The comic in question (Penny & Aggie; by T Campbell) is as a whole a simple teenage comedy/drama. But the particular storyline I'd like to discuss here takes a much more SF turn than usual, and it's (marginally; if we stretch the concepts a bit) related to issues relevant to LessWrong; decision theory, CEV, perhaps even simulations and/or many-worlds.
The needed context is that in the page immediately previous, one of the comic's two protagonists (Penny) is asked by her biker boyfriend Rich to follow him on the road, effectively dropping out of highschool.
The chapter itself is about 20 different future Pennies from the year 2020 (20 that represent trillions), convene to decide which choice to take.
Thoughts and SPOILERS for the story to follow after the space, so you may want to read it before proceeding.
The first thing one may notice is that this is a *weird* story that doesn't follow any of the most standard tropes -- it's not truly many worlds or parallel-universe because some realities fade when Penny's eventual decision drops them out of probability space; it's not a "What-if-I'd taken-a-different-path-in-life" because it's not meant to discuss a past decision in the life of the character but a current one; it's not time-travel. It's all very conceptual and abstract.
The mode of existence for these alternate future Pennies is left vague and mysterious. They don't have a completely imaginary existence in the mind of Penny, because after the decision is taken some of them persist and discuss it with other people that share said mode. They don't have a completely physical existence, because some of them can fade. And most bizarre of all, most of them voted against their very existence. (7 out of 10 Pennies that followed Rich, voted not to have followed him -- 4 of the Pennies that didn't follow him voted or seemed to want to vote in favor. That makes 11 of 20 Pennies that voted against their existence).
Perhaps the best way one can handle this whole bizarreness would be as a visualization of the FAI-failure mode in which the AI's models of people are also people. So that the AI can only anticipate what people would want to do or would regret doing, if he has their simulations actively decide to do it, and then regret it. But for the purposes of the convention, the AI disabled all self-preservation circuitry, so that these models can vote with full honesty the decision they believe best.
The twist (sort of) in the story is that the collective will of all these extrapolated future versions vote against joining Rich. But present Penny vetoes their decision and follows Rich anyway -- because she doesn't really care what the probabilities say, she doesn't care what she-herself will think in the future. She's not a person-in-the-making, a person to be extrapolated, she's a person now:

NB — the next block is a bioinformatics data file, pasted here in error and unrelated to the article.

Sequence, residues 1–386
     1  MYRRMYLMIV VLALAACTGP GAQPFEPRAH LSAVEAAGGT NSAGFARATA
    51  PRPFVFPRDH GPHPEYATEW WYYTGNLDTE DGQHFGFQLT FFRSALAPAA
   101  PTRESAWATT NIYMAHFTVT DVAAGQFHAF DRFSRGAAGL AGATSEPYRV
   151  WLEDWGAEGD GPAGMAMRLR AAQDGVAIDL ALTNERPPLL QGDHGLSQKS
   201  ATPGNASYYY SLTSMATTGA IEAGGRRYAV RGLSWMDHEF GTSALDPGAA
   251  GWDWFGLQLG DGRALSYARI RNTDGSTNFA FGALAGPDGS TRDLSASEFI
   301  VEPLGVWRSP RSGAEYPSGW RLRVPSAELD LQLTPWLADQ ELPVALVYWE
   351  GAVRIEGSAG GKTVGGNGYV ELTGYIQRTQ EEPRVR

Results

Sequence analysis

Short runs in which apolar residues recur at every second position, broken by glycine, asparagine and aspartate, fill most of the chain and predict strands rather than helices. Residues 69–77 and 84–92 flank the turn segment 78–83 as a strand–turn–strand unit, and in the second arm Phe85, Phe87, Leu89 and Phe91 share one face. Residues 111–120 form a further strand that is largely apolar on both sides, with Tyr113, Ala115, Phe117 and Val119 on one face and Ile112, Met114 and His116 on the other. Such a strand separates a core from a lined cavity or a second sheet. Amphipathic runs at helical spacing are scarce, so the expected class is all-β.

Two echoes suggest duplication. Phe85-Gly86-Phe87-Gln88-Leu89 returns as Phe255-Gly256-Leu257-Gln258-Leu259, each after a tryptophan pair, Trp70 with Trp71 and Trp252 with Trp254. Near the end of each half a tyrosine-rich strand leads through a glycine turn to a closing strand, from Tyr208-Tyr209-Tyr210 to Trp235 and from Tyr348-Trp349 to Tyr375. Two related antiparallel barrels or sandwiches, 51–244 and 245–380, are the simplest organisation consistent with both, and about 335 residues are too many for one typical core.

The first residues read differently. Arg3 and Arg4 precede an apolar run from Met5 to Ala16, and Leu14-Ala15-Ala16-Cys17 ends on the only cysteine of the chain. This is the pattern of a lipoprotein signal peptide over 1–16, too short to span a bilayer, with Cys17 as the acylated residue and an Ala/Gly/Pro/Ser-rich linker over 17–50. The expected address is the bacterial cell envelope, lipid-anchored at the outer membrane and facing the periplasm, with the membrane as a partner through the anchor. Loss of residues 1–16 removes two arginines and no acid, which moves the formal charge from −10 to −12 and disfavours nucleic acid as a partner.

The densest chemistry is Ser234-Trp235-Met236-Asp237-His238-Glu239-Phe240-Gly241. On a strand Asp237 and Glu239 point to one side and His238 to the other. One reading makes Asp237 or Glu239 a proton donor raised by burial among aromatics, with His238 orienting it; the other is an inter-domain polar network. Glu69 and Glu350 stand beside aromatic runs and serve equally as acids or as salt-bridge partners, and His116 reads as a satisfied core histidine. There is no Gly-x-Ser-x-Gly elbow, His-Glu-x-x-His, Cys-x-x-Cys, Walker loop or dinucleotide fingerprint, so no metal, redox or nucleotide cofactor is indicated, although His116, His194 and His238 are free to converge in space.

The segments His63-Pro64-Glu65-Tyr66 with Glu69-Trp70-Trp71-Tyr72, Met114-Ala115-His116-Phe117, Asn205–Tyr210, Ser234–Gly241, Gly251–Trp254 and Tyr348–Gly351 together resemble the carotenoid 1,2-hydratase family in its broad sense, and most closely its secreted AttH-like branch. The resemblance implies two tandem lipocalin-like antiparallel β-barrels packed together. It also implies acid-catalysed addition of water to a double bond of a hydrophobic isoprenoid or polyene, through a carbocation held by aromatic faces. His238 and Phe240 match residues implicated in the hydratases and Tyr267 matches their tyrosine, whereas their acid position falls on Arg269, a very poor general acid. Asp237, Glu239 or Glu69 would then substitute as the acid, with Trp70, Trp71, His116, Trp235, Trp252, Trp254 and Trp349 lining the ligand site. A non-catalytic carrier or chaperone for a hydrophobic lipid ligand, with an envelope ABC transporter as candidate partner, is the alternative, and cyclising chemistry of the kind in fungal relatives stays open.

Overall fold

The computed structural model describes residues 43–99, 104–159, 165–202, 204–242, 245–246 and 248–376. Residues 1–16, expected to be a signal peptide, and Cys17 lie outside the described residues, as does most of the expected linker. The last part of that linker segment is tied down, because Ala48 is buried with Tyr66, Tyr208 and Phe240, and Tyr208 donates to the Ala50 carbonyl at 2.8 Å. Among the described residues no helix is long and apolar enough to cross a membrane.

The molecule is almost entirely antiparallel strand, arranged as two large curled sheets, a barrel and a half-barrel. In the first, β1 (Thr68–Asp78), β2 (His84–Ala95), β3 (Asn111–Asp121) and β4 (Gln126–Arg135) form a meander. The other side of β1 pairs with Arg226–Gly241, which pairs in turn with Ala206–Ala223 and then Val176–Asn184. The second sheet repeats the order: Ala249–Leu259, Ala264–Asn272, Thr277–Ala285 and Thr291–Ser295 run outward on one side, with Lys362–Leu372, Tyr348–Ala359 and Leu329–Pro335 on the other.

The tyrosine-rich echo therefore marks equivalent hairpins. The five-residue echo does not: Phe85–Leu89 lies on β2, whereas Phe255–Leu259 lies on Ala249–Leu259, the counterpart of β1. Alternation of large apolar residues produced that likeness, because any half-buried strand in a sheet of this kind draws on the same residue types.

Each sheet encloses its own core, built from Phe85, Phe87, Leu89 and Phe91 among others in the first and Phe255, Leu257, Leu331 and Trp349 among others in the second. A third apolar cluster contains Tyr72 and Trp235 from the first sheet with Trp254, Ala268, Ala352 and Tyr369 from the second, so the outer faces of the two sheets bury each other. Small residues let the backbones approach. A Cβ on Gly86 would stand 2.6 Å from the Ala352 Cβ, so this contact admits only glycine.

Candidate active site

To put it in LessWrong terms: "Up yours, Extrapolated Volition".
Most intriguingly yet, at least one of those extrapolated versions (Biker Penny who voted against joining Rich and bitterly regretted joining a "clique for losers") actually seems to admire and love how Teenage Penny is telling her to go to hell: What if your extrapolated volition is a volition that doesn't wish you to consider the rulings of your extrapolated volition?
Also (an even more complicated scenario) what if your current volition wishes you to follow your extrapolated volition, but your extrapolated volition would want you to follow a different decision path (don't consider the future)? What ways are there outside of this paradox? What decision do you take, if you are changed by that decision into a person that will regret it either way for different reasons?
There is no truly dystopian universe in the subset of the 10 "didn't follow Rich" Pennies -- unlike the future of Holocaust Survivor Penny (and possibly Borg Penny too). It's rather unlikely that going with Rich would cause a global dystopia -- it's much more likely that didnt-follow-Rich Pennies simply didn't survive a dystopia with enough probability density to be represented. Doesn't that make it then a *biased* sample, improper to draw conclusions from? On the other hand, there are a number of unexplored death scenarios in the other subset as well, so if anything both sets are biased...
Last note: Though I consider this chapter the pinnacle of the quality in the whole Penny & Aggie comic, both art-wise, writing-wise, idea-wise, and character-wise, I consider the immediately following storyline (a side-story about Korean students we hadn't seen before and haven't seen since) to be the bottom of quality in all of the above (bad guest art, clumsy writing, unremarkable characters, etc). So, if you want to keep reading the comic, I just suggest skipping that whole following chapter.
As I said, the rest of the comic is however mostly teenage comedy/drama, though it does include some amusing SF references/tropes from time to time.